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#94 of 99 Old 10-02-2011, 12:19 PM
 
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I thought bmi was completely defunct as being a gimic and inadaquate way of telling jack. The only way you can tell bmi is from a special full body contraption such as water or a body containment unit.. weight ratio doesn't measure bmi at all.

The daughter looks fit and beautiful. This pediatrician is a hater or being paid by the nutritionist to get referals. he's out of his mind.
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#95 of 99 Old 10-02-2011, 12:30 PM
 
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Honestly, with the beautiful pictures you posted, the menus she eats, all her exercise ... that child looks super freakin' healthy!  Way to go!  


I would probably check in at your next doctor's visit and ask for a fuller explanation from the doctor.  I wouldn't do the testing because there are no signs of distress.  Your daughter's weight clearly fits her body.  There are no signs of fatigue or illness.  It goes beyond will she be traumatized by the blood draw for me.  How about just a waste of time, insurance money and overuse of medical resources ... in the face of zero sign of illness.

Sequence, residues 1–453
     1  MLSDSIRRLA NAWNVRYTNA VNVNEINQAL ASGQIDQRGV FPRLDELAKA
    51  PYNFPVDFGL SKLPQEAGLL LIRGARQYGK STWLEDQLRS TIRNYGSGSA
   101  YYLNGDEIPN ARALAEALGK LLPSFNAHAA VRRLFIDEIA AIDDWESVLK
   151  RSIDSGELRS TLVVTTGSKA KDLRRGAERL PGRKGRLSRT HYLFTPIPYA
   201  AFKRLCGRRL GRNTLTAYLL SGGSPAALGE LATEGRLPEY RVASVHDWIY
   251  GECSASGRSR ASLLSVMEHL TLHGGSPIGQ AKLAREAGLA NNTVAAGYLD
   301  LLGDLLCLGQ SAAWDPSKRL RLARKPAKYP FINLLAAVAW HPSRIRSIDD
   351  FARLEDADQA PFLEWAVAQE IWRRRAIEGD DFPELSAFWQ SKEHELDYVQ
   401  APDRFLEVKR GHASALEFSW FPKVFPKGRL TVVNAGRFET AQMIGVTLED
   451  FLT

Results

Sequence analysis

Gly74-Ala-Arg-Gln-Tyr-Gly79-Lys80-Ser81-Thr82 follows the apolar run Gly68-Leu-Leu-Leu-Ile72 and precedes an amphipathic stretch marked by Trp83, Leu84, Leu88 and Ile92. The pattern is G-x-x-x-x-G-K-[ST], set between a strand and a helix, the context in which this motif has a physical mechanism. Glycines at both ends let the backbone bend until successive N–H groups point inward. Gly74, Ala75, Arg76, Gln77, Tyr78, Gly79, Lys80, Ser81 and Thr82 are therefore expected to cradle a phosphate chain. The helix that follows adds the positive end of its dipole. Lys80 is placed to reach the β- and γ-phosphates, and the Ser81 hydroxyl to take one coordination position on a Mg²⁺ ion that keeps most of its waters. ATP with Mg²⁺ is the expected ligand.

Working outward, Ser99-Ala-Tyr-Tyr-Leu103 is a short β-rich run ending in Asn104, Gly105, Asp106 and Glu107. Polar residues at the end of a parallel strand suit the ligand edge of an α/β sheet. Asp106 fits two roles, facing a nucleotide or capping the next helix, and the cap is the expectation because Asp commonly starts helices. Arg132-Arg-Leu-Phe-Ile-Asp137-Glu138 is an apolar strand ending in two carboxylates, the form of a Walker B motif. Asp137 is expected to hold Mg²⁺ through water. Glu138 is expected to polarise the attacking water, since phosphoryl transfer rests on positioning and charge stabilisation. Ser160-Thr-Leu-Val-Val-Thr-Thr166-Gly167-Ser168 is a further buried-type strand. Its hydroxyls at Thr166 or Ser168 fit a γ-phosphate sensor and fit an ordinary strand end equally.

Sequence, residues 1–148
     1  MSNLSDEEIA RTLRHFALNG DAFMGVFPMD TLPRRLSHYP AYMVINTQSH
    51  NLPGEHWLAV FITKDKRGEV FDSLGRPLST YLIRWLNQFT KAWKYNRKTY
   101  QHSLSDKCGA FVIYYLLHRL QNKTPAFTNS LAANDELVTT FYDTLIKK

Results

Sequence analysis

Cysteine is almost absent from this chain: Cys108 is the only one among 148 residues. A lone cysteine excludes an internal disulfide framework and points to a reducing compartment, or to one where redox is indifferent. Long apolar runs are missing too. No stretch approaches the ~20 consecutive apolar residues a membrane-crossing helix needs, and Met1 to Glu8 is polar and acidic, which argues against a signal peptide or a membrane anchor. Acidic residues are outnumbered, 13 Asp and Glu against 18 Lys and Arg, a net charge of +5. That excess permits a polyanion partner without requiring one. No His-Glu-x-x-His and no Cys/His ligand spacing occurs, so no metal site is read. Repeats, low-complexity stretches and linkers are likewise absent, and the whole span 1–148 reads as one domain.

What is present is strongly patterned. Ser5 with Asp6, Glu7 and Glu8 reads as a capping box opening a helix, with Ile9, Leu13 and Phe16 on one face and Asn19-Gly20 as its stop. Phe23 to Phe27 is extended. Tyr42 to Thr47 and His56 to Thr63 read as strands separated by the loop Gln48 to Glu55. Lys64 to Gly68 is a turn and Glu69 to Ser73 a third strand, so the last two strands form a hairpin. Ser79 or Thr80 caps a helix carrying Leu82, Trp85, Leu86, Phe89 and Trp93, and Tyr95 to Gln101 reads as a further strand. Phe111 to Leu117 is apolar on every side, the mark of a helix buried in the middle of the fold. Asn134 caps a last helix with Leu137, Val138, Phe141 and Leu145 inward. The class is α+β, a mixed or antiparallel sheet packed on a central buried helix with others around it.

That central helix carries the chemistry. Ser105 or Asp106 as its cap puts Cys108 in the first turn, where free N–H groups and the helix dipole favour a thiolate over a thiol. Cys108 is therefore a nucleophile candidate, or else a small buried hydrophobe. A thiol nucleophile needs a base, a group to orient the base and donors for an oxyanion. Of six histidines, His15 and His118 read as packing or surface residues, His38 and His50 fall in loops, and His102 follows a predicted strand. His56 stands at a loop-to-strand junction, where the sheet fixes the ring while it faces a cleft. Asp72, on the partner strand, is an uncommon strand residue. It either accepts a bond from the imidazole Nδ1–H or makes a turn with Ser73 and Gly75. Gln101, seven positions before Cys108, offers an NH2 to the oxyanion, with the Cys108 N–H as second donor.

My five year old is a little more slender than yours overall, forget the numbers ... but she has the same tummy.  Love it.  

 

My seven year old has always been very thin, even as a baby.  Her percentages were off the bell curve at one point.  But she was healthy and eating.  The only corrective offered by the ped (now former ped) was to give her formula.  He** yah.

 

I know how upsetting it can be for a doctor to suddenly flag a child for something so fundamental as their weight -- in my case, some small part of me had a new fear that my child was somehow underweight and would starve.  I have let that go.  I hope you don't get set with the same fear -- that your beautiful child is somehow overweight.